The Blackwood Brothers Quartet enjoyed much success in MS after their initial foray into radio. Their popularity soared locally in the area around their first radio show situated in Kosciusko, MS. I have to tell one story that started it all for this amazing quartet. They were raised dirt poor as share-croppers. That term meant the family worked the land, tilled the soil and raised the crops to share with the owner of the land. For their toil and labor, they were given some of the produce the land produced. It could have been cotton at the time as that commodity enjoyed much popularity as a crop that could be turned into apparel. It was hard work and no one who has ever picked cotton for a living would EVER go back to that back-breaking work. During this time in MS, times were hard and people were barely making it. The Blackwood’s were an example of just how hard it was at that time.
The story goes that there was a local singing school advertising about a week long singing school that was to be conducted in a local church near Ackerman, MS. Mr. Vardeman Ray was to lead the school for any and all locals who wanted to attend. The Blackwood’s mother, Carrie, knew her two boys, Doyle and James, wanted desperately to go to this school but the family didn’t have the money to attend the school. It was a week long nightly school and it cost 25 cents to attend. Because the fee to attend was unreachable for the family, the two boy’s mother did the only thing she knew she could do. They had one prize hen that was a great layer for the family. She sold that hen, and the money she received paid for the school for her two boys to attend.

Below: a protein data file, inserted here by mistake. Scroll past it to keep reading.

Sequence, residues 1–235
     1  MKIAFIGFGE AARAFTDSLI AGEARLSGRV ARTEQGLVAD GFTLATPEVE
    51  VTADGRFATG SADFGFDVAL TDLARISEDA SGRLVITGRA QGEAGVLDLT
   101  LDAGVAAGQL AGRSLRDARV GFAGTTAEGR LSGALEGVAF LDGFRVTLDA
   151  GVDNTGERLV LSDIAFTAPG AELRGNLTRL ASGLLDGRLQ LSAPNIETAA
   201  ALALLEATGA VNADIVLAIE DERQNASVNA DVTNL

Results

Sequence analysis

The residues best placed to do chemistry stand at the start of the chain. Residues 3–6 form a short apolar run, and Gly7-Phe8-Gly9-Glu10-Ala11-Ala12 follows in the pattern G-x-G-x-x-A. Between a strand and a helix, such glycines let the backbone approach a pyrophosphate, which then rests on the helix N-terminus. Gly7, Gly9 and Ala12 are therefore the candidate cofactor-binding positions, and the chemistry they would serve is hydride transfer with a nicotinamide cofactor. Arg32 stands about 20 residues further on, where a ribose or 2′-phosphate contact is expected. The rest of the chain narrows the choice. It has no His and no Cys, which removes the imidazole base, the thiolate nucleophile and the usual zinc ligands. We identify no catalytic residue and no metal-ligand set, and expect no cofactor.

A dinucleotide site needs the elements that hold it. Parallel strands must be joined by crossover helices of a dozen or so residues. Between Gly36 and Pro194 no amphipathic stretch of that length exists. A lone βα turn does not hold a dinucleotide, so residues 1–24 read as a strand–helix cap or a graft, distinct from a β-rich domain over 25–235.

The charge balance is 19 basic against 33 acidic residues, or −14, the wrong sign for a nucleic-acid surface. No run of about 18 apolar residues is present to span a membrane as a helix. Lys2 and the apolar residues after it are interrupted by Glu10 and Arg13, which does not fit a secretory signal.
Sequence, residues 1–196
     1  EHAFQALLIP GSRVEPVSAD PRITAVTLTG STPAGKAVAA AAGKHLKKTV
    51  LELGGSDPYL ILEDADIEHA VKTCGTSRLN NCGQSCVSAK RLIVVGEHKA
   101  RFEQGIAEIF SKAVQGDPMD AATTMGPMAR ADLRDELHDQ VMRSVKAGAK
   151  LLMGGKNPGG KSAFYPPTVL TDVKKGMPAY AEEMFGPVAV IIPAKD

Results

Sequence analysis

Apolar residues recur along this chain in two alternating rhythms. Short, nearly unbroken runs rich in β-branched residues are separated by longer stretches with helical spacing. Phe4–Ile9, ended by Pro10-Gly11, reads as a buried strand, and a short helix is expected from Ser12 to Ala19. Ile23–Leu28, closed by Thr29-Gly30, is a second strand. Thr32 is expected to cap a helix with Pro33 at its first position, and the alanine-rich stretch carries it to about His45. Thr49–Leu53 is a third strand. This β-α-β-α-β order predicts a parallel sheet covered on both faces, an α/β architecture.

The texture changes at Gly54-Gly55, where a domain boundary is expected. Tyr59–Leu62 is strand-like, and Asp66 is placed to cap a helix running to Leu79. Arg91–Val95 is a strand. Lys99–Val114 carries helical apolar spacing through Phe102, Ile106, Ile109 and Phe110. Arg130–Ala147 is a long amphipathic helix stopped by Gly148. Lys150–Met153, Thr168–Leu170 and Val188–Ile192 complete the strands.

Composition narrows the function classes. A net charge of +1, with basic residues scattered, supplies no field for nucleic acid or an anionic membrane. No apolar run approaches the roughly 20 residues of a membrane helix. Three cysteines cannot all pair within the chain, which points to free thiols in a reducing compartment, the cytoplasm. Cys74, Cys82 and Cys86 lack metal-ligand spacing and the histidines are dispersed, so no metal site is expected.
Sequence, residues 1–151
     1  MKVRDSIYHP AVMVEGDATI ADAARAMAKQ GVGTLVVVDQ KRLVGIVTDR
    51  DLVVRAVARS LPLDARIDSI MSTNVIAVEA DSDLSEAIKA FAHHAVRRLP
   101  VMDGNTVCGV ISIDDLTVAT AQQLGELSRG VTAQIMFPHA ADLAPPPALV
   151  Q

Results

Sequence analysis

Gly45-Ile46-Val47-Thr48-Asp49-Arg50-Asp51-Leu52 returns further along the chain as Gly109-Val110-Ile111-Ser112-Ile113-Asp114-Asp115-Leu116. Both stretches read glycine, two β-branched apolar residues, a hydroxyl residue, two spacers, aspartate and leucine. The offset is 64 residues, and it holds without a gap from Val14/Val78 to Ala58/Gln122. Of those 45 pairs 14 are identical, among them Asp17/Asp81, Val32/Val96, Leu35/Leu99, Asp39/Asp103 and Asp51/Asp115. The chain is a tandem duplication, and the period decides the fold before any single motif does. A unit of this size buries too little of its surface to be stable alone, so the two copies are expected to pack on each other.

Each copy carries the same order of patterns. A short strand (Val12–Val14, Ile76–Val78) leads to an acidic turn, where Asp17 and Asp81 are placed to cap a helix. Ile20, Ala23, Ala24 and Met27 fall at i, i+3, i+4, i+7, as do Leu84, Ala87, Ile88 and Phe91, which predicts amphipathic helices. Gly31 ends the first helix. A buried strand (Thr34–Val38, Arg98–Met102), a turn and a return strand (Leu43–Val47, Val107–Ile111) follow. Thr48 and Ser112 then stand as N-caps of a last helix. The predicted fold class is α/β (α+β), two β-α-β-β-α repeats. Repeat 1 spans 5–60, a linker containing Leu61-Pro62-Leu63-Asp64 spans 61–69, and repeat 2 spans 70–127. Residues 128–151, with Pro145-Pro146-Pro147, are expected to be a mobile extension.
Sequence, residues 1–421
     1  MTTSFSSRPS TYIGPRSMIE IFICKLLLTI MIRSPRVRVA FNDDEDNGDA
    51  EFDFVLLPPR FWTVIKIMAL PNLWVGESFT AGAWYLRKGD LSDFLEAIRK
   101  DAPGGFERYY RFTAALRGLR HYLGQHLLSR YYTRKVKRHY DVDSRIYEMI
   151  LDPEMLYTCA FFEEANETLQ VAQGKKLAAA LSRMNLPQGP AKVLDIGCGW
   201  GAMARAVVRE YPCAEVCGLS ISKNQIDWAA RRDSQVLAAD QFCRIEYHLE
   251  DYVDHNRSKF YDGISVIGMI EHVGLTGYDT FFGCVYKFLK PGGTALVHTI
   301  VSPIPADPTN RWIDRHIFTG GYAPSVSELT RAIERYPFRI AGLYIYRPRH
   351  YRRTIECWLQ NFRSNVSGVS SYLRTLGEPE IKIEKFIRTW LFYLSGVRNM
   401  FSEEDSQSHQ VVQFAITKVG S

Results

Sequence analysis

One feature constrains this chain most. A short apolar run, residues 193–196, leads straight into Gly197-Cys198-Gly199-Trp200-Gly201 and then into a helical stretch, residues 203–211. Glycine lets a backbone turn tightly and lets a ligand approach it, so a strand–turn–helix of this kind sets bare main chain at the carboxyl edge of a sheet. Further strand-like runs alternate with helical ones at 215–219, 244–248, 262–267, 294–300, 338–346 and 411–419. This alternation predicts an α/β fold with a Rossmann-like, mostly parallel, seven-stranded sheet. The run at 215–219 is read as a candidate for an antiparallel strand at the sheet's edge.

It was at school they were first heard by Mr Ray. He asked them to join his quartet and they sang with him first. So the very first time the Blackwood boys ever sang together was my father, Doyle, and James, his younger brother. Their work with Mr. Ray gave them the experience they needed to branch out as a duo later where they incorporated a little comedy and small skits in between songs to make their program enjoyable to their audiences. They were gaining such a following, their older brother, Roy, who had already married and was pastoring a church in Alabama, had been blessed with a son, RW, they called him, and the family moved back to MS to join my father and James in the original quartet known as the Blackwood Brothers Quartet. So there were three brothers, with 20 years difference in their ages and the oldest brother’s son who made up the group. My father was the original emcee and he used to introduce them as the only quartet they would ever see that had three brothers, two uncles, two nephews, a father and a son!
In these weeks of natural disasters and so many people facing difficulties, now more than ever is the time to be on our knees for our country.